Monday, September 24, 2007

Subdivision Nuisance: What is a Private Nuisance?

In contrast to a public nuisance, which affects a large number of individuals, a private nuisance only disturbs one or a few neighbors. Examples include barking dogs, a neighbor who plays loud music, and a vacant lot that has become a neighborhood dump, which attracts rats.

Often a polite request to the offender is sufficient to solve the problem. Sometimes, a strong letter from an attorney will get results. If there is a city ordinance violation, a public official's action will usually resolve the problem.

However, when none of these methods works, a lawsuit to abate the private nuisance might become the only effective remedy. Even if the activity is legal, such as operating a properly licensed but noisy night club, the court can order the private nuisance abated or monetary damages paid to the complainants.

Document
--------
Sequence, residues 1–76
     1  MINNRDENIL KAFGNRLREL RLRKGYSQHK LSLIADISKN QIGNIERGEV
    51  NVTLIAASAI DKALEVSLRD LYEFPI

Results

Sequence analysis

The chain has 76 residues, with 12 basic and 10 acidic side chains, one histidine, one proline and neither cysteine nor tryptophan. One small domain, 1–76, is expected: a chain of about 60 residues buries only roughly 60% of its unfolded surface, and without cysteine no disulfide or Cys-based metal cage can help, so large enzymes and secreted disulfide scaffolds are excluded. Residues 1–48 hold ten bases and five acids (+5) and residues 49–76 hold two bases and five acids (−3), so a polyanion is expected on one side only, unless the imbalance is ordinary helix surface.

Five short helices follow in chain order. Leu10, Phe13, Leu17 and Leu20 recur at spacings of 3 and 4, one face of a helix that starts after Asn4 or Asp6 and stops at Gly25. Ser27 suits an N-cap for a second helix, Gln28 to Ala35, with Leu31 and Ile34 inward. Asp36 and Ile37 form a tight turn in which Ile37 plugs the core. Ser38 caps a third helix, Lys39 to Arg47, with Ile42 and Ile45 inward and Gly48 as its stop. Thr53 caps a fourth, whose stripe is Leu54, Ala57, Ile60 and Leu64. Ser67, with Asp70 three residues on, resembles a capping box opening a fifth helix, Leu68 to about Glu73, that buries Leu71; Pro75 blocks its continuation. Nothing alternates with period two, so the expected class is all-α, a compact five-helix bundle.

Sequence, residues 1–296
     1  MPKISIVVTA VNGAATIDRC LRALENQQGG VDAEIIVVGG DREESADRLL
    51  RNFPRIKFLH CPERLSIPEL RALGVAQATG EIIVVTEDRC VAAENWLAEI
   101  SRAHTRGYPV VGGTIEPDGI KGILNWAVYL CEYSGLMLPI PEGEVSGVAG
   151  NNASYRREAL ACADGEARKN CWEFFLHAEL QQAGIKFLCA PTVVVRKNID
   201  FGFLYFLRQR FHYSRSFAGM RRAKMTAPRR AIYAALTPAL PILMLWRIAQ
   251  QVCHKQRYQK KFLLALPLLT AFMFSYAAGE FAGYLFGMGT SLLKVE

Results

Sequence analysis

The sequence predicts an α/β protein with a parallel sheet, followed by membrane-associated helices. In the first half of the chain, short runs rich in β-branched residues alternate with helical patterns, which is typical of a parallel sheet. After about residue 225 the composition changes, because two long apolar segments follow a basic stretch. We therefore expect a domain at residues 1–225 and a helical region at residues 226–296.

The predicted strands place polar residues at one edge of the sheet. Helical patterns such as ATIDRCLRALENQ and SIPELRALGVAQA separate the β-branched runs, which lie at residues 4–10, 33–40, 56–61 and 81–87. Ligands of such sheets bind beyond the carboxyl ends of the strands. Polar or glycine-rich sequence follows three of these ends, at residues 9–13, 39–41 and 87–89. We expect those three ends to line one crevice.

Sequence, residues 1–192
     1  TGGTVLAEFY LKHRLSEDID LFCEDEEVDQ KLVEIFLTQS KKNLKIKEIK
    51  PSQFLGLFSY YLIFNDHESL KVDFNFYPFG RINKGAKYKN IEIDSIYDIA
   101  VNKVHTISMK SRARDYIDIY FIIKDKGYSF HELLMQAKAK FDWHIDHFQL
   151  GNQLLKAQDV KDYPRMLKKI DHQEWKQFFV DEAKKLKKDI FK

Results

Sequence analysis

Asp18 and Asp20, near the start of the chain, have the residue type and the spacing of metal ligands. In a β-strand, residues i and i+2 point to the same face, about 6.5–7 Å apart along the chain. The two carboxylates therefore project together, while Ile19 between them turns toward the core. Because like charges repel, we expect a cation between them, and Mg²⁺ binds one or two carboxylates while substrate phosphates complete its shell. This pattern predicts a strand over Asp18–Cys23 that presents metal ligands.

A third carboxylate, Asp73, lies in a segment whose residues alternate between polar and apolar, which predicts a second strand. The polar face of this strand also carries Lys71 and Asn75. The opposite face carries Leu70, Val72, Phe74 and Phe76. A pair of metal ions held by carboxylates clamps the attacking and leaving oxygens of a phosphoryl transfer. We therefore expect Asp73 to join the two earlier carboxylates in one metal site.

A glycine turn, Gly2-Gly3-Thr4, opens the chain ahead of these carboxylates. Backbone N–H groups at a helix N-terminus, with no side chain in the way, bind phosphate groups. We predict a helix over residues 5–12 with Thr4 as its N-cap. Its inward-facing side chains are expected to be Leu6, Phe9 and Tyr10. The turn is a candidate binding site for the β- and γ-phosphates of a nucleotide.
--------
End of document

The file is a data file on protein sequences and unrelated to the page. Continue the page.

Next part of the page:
Possible legal defenses to a private nuisance abatement lawsuit include (1) the nuisance was tolerated for a long time and (2) the plaintiff moved to the neighborhood and knew about the private nuisance.

However, most courts now rule the statute of limitations is not a defense to a private nuisance lawsuit because each new occurrence is a separate offense, which can be abated.

Other ineffective private nuisance defenses include (1) the zoning or local ordinances allow the offensive activity, (2) there was no law violation, and (3) the neighborhood has other private and public nuisances.

NUISANCE ABATEMENT LAWSUITS ARE UNPREDICTABLE. If you or your property are affected by a public or private nuisance, the best course of action is try to resolve the problem with the offending party.

The reason is the results of nuisance abatement lawsuit results are very difficult to predict. A sympathetic judge or jury makes the results uncertain even when the plaintiff proves a public or private nuisance exists.

Factual evidence, such as photos, witness testimony and scientific test evidence, can prove the nuisance actually exists and it should either be abated or monetary damages awarded to the complainant.

For more details, please consult a local real estate attorney.

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